Amherstburg "boutique" marathon (con't)
Boutique marathons with participants numbering only 4000 or 5000 runners compared to the tens of thousands that enter marathons in cities like Detroit, Toronto or Chicago.
“I think there’s a tremendous market out there for boutique small town marathons,” Uszynski says.
“I mean you can run Chicago with 50,000 of your best friends or New York but what’s the point?” he says.
”Those are always fun once, but to run marathons that size is a real pain.”
Uszynski says running by nature is a “solitary” sport.
But “when you’re lining up in the starting block with 35,000 people and you’re doing a wave start it’s like ‘ahhh!’
“I think there’s a real big need out there” for smaller, more manageable runs.
His solution is small town or rural marathons that limit the number of participants and provide a beautiful natural setting.
The Amherstburg run is the perfect model.
“What we’re offering is like a limit of only 4000 runners, a flat course, good crowd support, good amenities, a little bit of history,” he said.
While more than 600 participated in last September’s run it’s hoped 4000 will register for the 2012 run when the Alzheimer marathon will be teamed with a celebration of the War of 1812 and a special runner’s medal commemorating the event.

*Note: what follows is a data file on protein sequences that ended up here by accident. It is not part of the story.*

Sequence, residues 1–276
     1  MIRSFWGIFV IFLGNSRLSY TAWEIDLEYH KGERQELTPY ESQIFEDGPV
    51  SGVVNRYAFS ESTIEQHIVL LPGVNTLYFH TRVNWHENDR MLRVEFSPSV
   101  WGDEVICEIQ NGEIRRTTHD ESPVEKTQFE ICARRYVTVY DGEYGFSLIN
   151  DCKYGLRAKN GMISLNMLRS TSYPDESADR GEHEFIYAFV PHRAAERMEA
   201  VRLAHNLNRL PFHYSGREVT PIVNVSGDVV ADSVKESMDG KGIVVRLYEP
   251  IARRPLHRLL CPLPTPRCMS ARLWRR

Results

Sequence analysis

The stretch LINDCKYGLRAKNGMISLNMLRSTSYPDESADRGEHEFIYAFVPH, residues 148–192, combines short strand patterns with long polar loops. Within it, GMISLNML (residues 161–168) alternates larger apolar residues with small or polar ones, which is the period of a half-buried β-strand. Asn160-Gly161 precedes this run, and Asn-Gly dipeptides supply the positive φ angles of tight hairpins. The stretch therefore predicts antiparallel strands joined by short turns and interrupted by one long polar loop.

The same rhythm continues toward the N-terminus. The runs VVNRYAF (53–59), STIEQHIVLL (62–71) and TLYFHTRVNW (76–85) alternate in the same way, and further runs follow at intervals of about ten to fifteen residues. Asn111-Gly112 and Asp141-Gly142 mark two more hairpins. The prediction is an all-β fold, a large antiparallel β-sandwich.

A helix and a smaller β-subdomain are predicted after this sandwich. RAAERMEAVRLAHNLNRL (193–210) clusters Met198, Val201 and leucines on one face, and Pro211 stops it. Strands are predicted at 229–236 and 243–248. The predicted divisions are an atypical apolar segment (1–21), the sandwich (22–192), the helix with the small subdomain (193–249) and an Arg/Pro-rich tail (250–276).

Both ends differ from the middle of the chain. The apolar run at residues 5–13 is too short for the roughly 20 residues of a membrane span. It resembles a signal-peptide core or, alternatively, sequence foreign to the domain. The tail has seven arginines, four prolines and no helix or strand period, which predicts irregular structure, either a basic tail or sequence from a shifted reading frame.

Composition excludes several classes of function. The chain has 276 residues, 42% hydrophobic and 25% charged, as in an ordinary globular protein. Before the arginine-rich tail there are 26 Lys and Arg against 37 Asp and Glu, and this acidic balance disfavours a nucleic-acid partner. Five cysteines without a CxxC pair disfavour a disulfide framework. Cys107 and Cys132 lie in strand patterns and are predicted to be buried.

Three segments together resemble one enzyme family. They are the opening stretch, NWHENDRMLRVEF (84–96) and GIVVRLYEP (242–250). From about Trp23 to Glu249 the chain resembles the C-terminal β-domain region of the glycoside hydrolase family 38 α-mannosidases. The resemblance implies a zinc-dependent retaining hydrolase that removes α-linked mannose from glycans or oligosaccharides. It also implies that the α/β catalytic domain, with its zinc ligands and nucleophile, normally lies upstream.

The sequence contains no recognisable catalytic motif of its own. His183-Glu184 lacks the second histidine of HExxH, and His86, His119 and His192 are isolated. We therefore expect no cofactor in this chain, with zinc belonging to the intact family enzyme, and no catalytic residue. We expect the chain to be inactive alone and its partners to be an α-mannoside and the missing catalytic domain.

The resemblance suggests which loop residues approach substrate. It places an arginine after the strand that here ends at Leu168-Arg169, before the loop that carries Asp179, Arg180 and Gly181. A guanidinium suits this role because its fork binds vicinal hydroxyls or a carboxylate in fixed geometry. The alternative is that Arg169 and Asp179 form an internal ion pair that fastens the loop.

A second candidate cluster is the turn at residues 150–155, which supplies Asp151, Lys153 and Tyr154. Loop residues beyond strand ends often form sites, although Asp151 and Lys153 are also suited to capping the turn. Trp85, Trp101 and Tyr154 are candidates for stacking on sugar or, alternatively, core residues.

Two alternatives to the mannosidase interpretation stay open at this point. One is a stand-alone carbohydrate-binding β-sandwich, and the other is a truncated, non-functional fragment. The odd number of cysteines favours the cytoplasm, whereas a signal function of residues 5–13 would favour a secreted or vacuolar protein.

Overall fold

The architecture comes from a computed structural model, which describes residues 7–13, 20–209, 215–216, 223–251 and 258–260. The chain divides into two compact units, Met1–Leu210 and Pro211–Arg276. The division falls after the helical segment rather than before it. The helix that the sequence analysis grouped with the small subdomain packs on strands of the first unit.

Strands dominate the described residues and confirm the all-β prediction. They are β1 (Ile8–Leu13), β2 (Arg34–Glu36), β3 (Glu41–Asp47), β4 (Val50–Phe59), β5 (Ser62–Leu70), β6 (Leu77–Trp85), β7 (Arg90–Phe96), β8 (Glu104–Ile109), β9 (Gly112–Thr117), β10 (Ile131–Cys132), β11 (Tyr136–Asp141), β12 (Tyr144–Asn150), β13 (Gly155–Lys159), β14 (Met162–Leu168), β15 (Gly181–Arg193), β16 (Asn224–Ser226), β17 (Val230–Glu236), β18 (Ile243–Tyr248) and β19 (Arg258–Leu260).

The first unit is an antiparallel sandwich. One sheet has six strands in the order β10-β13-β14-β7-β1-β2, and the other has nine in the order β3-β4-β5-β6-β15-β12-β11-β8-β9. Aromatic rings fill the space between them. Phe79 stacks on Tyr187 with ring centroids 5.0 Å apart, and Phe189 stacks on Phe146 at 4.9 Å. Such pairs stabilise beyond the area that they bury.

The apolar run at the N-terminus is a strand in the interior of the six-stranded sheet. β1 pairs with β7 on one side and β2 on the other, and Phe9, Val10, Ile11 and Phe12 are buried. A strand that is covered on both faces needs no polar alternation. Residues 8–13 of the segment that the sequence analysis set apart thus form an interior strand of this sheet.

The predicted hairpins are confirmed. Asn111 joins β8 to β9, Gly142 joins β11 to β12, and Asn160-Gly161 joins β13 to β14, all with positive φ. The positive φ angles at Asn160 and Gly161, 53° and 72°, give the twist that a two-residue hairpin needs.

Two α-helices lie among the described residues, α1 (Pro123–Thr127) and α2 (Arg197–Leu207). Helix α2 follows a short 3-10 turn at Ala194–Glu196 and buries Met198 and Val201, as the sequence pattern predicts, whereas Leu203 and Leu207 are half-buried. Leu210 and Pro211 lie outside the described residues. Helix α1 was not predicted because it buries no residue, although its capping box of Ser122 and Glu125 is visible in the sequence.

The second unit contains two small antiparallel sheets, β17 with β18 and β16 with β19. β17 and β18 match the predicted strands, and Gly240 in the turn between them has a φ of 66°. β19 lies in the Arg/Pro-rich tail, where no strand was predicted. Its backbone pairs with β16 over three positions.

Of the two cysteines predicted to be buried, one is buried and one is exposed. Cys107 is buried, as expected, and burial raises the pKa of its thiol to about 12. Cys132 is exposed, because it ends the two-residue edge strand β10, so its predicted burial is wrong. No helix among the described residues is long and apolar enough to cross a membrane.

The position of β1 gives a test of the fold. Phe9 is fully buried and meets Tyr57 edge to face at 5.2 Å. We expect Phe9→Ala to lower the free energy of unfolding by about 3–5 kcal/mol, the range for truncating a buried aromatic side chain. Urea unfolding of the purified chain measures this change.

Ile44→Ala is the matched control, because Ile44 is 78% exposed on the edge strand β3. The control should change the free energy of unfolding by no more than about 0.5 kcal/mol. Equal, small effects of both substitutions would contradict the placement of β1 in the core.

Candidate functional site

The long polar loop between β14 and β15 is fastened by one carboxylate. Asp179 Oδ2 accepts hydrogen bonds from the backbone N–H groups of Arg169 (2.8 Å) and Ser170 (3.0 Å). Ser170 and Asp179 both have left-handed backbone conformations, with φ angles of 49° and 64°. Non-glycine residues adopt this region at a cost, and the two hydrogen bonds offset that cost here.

Amherstburg and Essex County figured prominently in the War of 1812 and the marathon will celebrate “two hundred years of friendship and peace” between Canada and the United States, says the run web site.
The official name is the World Alzheimer's Day 'Run for Heroes' Marathon.
And the goal is to be the “largest ‘small town’ marathon” with a maximum of 4000 runners.
Uszynski is ecstatic about the marathon – and shorter competitions such as the half marathon - potential because of the “stunning” course, which has a route that goes alongside bucolic wetlands, the Detroit River, and through Amherstburg’s old town and historic Fort Malden.
The run is also only one of 12 in Canada that qualifies for the Boston Marathon.
Uszynski had the course officially measured and certified.
He lauded the potential of Essex County as an ideal spot for running because of the extraordinarily flat terrain.
He said surveys of runners who participated in the Alzheimer run last September showed that people loved how “gorgeous” the area was.
The fact the route was so flat meant than 51 per cent of participants had personal bests.
The course only varies in height 31 feet.
Even Uszynski’s website accentuates this ideal running terrain.
It’s called www.runningflat.com